Helicopter footage of the moment a moped carrying three teenagers collided with a marked police car, resulting in the death of a 16-year-old boy from Croydon, has been shown in court.

Tyereece Johnson died after being thrown from a moped which was being tracked by the National Police Air Service helicopter because it was believed to have been involved in an earlier attempted robbery.

The aerial footage shows the moped and its three hooded riders weaving a convoluted route from Clapham Common to Wimbledon in south London in the early hours of July 16 2017.

It then hits the rear passenger door of a marked police car which was travelling north in Trinity Road when the moped enters the junction at a crossroads from South Park Road.

Its riders are flung in different directions and lie unresponsive in the road, several metres from each other, as helicopter staff request an ambulance and officers on the ground check them.

The trio were being tracked by the helicopter which fed information on their location over the radio to cars on the ground, Tyereece's inquest heard.

Before the crash, the bike was seen travelling the wrong way through a one-way system and also entering the A3 against the traffic.

On at least two occasions, a female officer requests police cars to pull back.

She can be heard saying over the radio: "Can you try not to follow the vehicle too closely please?"

A report by the police watchdog, the Independent Office for Police Conduct (IOPC), will be released at the inquest's close.

Earlier, Tyereece's mother paid tribute to her only child in a statement read by coroner Dr Shirley Radcliffe at Inner West London Coroner's Court.

Samantha Cohen quietly wiped away tears as her statement recalled how her son was a "brilliant" footballer and Chelsea fan, who was also scouted by the Royal Ballet.

Good at maths and spelling, he loved to read and was able to "instantly connect" with people he met.

He dreamt of becoming a famous footballer, seeing the vocation as a way of providing for his family, and wanted to get a tattoo reading "Family First" when he turned 18.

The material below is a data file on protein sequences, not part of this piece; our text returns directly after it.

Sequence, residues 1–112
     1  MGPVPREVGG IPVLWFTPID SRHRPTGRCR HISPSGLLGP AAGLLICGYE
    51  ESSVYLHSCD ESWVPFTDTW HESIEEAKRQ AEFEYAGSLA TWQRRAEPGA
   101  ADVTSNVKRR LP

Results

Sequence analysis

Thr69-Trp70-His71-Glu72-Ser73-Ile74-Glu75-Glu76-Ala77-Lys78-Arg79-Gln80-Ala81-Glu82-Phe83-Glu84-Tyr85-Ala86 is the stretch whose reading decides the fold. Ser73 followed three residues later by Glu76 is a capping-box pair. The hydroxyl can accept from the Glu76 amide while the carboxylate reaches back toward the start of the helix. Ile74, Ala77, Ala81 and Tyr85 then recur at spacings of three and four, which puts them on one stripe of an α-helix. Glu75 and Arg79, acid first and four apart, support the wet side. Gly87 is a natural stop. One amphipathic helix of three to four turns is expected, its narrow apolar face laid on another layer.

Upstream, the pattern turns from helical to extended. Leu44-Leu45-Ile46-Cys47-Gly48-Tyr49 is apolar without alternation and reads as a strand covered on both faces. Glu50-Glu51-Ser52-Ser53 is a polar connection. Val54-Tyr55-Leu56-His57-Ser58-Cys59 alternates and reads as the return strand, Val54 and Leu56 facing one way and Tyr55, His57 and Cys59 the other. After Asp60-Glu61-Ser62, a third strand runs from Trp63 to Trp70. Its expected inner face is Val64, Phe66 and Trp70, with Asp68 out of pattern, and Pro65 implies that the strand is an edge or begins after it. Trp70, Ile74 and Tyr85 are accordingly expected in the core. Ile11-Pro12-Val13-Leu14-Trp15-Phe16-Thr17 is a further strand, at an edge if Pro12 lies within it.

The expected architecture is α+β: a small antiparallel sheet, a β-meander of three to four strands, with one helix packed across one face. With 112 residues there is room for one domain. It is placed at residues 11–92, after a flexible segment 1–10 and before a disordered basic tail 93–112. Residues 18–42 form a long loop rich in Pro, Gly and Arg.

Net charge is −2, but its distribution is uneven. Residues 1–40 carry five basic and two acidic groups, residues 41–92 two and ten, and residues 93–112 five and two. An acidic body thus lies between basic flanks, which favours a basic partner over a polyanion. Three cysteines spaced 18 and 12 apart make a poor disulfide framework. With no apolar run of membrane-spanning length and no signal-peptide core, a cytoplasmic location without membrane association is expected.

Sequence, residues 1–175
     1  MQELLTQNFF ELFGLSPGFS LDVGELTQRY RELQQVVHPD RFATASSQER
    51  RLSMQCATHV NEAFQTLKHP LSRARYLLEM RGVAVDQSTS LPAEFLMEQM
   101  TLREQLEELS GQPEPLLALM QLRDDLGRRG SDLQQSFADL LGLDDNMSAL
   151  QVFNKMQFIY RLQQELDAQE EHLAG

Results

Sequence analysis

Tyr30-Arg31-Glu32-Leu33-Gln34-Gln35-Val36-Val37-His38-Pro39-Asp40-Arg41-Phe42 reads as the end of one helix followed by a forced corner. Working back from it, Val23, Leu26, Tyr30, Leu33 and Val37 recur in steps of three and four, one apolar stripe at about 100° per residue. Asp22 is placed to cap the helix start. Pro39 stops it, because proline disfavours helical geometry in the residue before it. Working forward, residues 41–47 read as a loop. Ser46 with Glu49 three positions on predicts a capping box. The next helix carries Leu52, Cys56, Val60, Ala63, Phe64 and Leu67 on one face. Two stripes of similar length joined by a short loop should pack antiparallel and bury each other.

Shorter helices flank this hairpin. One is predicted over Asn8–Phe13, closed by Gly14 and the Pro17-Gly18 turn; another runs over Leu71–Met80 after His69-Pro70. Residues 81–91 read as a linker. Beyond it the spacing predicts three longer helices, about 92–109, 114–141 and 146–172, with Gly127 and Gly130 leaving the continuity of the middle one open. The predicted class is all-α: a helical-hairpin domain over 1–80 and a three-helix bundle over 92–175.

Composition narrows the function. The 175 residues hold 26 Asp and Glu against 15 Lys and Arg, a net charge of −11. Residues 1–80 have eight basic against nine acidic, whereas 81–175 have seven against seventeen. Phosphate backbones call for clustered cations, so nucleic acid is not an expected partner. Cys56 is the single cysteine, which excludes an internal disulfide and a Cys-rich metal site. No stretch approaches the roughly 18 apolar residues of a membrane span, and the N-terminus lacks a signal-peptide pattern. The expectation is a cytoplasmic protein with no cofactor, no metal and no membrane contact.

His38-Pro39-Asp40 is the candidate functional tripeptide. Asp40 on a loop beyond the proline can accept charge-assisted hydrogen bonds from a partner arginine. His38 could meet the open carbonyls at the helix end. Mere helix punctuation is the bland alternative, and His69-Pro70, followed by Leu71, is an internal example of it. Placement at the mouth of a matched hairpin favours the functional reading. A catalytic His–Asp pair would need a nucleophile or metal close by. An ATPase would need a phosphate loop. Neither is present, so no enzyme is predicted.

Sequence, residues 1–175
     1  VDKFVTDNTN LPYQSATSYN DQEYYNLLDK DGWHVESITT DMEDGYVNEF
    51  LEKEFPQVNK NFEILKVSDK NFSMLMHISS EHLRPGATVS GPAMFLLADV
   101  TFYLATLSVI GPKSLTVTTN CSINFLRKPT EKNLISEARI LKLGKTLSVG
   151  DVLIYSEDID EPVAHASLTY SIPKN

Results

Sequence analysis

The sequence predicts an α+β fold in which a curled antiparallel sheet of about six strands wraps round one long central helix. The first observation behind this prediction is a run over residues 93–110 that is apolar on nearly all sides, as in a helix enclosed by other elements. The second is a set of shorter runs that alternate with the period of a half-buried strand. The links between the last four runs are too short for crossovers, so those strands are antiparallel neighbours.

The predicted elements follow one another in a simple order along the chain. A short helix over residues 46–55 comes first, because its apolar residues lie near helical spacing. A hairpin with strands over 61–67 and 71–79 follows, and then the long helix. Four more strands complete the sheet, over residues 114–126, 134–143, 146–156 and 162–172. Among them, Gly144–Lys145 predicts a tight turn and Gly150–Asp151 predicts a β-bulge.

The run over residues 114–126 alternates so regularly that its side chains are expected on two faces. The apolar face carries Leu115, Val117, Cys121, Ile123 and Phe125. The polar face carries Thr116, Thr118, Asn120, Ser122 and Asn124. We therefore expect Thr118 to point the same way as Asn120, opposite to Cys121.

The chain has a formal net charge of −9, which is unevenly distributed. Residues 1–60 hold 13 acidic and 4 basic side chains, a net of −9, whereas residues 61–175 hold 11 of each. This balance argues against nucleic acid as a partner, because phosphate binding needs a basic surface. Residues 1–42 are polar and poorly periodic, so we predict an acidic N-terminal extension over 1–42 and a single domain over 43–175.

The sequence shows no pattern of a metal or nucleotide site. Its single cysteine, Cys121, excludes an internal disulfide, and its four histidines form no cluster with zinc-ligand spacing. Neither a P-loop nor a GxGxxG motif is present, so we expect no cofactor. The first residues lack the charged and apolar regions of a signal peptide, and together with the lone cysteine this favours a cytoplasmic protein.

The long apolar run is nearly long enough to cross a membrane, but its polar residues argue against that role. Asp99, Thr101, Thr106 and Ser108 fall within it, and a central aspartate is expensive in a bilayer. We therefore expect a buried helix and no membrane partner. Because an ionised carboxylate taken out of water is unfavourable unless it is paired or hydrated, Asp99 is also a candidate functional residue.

The teenager was also a "natural" babysitter for younger members of his extended family and "very protective" of his mother.

She said: "His family brought him so much joy, and I loved that this was the case."

The pair moved to Croydon from north London after she became concerned that he had "fallen into the wrong crowd".

She said: "He was wise beyond his years. I was proud that my son made time for other people, listened to their problems and shared advice."

She added: "It's difficult for Tyereece's family to equate the child we knew at home with who he could be in the world outside."

She temporarily left the courtroom when the helicopter footage of the incident was played, also opting not to be present for the reading of medical evidence.

The inquest heard that paramedics found the teenager, who had not been wearing a helmet, in the recovery position on the road near the "badly damaged" moped.

He had suffered head and leg wounds, appeared to have several fractures, his left leg was rotated at an angle and he had bruising to his jaw.

A post-mortem examination found that his death in hospital the following day was due to head and chest injuries.

The inquest is scheduled to last for eight days.